You're going to be spending hours in your office, so you need to get a good chair. In terms of productivity and posture, there are no better chairs than ergonomic chairs.
While our favorite is the ErgoChair Pro, you're free to make up your own mind.
All that matters is that the chair you choose has lumbar support. This is going to help prop up your back, preventing pains, aches, and correcting your posture.
Step 3 – Best Graphic Designer Workstation Place
Choosing the location of your best designer workstation is arguably what you should be doing first. However, it's safe to assume that most of you already have an office picked out, which is why this comes in at number three, not one.
If you're lucky enough to have a separate room to set up your graphic designer workstation in, then great. If not, then there are a few things you should try to do.
It's fairly safe to say that without an office, your workstation is going to be set up in your bedroom. This creates a problem.
You see, your brain associates your bedroom with rest. When you then introduce work into that mix, things get messy. Whether you realize it or not, your brain is in rest mode when in your bedroom. It's just how our pathology is wired.
This is going to destroy your motivation and productivity, which is the opposite of what we want. To combat this, we need to try and separate the two.
If you can, put a physical barrier between you and your bed. A cubicle wall can do the trick, or you could even hang a curtain down from the ceiling if you had to. What's important is that your work area and your rest area feel like two different areas.
Try to decorate the two differently, too. Paint the walls with different colors and have different lighting. Do whatever you can to make each area feel unique and distinct.
Step 4 – Equipment for Workstation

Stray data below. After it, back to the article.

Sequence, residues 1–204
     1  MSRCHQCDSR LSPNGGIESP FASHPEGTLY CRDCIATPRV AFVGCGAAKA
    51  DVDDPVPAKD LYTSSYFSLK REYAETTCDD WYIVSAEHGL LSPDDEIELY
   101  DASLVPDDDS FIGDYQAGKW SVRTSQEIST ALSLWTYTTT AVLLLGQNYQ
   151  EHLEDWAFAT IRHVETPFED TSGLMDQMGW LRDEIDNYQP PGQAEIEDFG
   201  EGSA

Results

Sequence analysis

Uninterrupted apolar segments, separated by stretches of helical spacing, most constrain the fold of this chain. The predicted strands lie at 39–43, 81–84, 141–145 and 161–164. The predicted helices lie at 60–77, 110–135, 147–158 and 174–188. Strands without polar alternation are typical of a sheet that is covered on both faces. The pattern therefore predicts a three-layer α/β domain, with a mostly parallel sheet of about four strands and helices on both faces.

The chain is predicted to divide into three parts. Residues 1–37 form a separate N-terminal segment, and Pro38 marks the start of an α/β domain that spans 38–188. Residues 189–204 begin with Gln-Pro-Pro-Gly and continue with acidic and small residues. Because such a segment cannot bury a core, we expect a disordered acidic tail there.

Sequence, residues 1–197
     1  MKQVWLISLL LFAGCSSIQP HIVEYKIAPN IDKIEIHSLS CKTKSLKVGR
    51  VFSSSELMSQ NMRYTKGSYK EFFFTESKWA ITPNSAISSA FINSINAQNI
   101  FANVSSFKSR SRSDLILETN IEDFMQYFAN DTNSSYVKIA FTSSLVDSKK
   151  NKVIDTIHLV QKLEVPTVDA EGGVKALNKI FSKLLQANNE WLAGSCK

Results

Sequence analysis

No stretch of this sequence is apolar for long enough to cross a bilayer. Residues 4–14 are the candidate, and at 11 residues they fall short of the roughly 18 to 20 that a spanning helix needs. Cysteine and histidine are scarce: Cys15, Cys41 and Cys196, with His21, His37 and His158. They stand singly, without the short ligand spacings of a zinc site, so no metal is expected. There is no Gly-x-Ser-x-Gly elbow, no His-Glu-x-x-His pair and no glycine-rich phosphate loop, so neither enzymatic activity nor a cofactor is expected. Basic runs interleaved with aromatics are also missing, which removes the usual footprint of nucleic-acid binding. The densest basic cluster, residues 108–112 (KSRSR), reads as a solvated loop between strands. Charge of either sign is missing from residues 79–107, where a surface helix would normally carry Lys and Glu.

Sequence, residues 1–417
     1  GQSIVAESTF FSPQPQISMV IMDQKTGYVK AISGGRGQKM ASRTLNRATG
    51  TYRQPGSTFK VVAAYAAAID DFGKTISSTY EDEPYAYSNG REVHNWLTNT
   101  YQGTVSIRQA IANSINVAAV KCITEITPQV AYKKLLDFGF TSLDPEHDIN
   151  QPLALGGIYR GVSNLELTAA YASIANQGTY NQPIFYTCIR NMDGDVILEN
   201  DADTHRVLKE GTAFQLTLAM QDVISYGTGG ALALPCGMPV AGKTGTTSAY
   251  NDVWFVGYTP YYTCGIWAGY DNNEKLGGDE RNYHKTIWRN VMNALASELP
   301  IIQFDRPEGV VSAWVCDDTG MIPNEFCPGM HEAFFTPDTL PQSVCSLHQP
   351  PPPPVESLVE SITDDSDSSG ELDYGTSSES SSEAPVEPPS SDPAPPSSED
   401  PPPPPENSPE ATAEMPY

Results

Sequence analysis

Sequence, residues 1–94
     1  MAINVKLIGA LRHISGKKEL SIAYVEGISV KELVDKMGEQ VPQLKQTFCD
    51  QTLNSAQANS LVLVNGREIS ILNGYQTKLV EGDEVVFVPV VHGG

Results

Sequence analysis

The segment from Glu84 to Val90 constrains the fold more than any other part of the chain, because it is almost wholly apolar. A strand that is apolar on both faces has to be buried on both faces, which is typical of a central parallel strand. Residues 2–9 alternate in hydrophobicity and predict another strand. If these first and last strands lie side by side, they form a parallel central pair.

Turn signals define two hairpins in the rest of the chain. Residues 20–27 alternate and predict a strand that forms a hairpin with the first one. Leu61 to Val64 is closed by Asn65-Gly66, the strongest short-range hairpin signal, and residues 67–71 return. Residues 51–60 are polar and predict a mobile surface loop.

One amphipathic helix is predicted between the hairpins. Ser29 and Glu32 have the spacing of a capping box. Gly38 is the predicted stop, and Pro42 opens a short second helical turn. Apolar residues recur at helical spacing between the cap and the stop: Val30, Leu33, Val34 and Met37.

With our foundations out of the way, it's time to start getting technical. The equipment you use in your office is directly related to how fast you can work and how good that work turns out.
While skill and talent account for a lot of it, it's an unfortunate truth that your tools play a part in the quality of your work.
As a graphics designer, you have three specific tools to be aware of: Your PC, your monitor, and your drawing tablet.
Your PC should be the first stop. Ideally, you're going to have a MacBook, not a PC. If that's not an option, though, then you're going to need to spend some good cash on a computer.
You need your machine to be able to run graphics design programs. So a decent CPU and GPU are both a must.
A MacBook can run you upwards of $1,500 dollars. Although it also comes with an Adobe license. A PC that is going to do the trick for you should cost around $1000 dollars, but keep in mind that you then have to pay the subscription fee for the software that you need.
Our pick for the ultimate graphic designer workstation is a MacBook Pro, but as long as it can run the software, you can go with whatever you want.
The monitor is the next piece of hardware that you need. Most people think of monitors like TV screens, but the reality is that the two are very different.